Wednesday, May 31, 2017
Jackson suffered its 26th homicide in 2017. Two men were shot on Saturday night outside a home. One suffered a bullet wound to the foot, but Jamie Washington, 26, was shot multiple times and did not survive, the Jackson Police Department said. Police can do little to stop such tragedies. Interpersonal violence, much like the shooting spree allegedly spurred from domestic violence that left eight people dead in Lincoln County last weekend, is responsible for a huge amount of violent crime that police cannot stop.
It is up to the community to hold the city's new leader and administration accountable for making our city safer—through smart, violence-interrupting strategies that involve multiple stakeholders well beyond the police department.
The Legislature and Mayor Yarber wisely started researching the root causes of violence with the BOTEC reports that examine the realities and precursors of crime in Jackson, as well as the mayor's task force. Crime doesn't just happen. BOTEC researchers found that specific factors contribute to later run-ins with the criminal-justice system and the likelihood of committing worse crime.
Most Jackson offenders "described upbringings that were full of losses, danger and instability," BOTEC found. "Elements of dysfunction included poverty, disabilities, boredom, and lack of adult attention, death or absence of parents, often resulting from addiction or incarceration. Home and school lives were unstable, due to multiple and abrupt changes in income, living situation, school attendance and the location of the home."
Jackson-based FBI Special Agent in Charge Christopher Freeze told a Jackson Rotary Club crowd recently that understanding the cycles so many young people live through is vital to reducing violence. "We cannot arrest our way out of this law-enforcement problem. ... (We) must be involved in programs that provide escape," Freeze warned.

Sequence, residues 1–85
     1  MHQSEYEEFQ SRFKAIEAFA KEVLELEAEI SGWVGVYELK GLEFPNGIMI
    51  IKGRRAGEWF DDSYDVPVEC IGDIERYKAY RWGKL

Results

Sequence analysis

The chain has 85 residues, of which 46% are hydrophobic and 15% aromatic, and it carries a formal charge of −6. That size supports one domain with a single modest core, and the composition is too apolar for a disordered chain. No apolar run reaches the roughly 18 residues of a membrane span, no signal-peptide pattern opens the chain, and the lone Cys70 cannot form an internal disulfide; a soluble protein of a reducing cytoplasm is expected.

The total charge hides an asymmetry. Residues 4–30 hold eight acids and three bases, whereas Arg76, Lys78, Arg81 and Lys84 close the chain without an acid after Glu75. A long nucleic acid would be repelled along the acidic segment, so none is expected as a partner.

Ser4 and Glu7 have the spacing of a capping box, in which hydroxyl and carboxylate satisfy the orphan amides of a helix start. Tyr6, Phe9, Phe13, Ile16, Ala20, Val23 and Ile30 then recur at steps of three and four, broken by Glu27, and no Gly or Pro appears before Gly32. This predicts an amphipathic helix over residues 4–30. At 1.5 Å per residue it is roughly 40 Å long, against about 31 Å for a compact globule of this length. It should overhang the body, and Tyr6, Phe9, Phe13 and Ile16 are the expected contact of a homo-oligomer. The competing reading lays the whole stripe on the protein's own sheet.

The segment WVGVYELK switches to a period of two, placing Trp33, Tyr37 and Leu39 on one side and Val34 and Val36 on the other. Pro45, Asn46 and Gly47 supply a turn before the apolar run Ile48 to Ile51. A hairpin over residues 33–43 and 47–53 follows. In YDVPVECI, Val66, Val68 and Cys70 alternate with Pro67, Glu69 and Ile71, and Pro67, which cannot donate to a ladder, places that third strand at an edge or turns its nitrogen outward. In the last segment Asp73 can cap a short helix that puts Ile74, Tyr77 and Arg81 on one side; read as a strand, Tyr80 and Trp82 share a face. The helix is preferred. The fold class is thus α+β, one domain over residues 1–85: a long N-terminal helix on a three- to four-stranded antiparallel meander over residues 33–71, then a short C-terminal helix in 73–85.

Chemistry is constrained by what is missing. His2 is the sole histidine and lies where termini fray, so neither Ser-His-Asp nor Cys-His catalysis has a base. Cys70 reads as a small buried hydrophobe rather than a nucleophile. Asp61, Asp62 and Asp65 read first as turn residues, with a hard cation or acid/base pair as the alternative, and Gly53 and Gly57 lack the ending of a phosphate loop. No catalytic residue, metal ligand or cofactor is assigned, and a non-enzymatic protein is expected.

If not, Freeze added, "They will become the parents they presently don't have."
The mayor elected June 6 must get this, too. You cannot police or arrest your way out of Jackson's cyclical crime. Education, stable living conditions and community activities are just as important as violence-interrupting policing strategies. The city needs both at the same time. We need city, community and business leadership that understands that domestic-violence programs and mental-health courts will help heal and keep families together.
Of course, funding is the real sore thumb of the city's crime problems. The city, county and state will have to join with business and nonprofit leaders to fund real crime prevention. The county needs diversion programs to keep kids out of Henley-Young and in school. The courts need to operate mental-health courts. The city needs to embrace smart policing strategies and not just sweeps. The next mayor must join with state and county leaders, city residents and stakeholders to build a long-time crime-prevention strategy, and then fund it.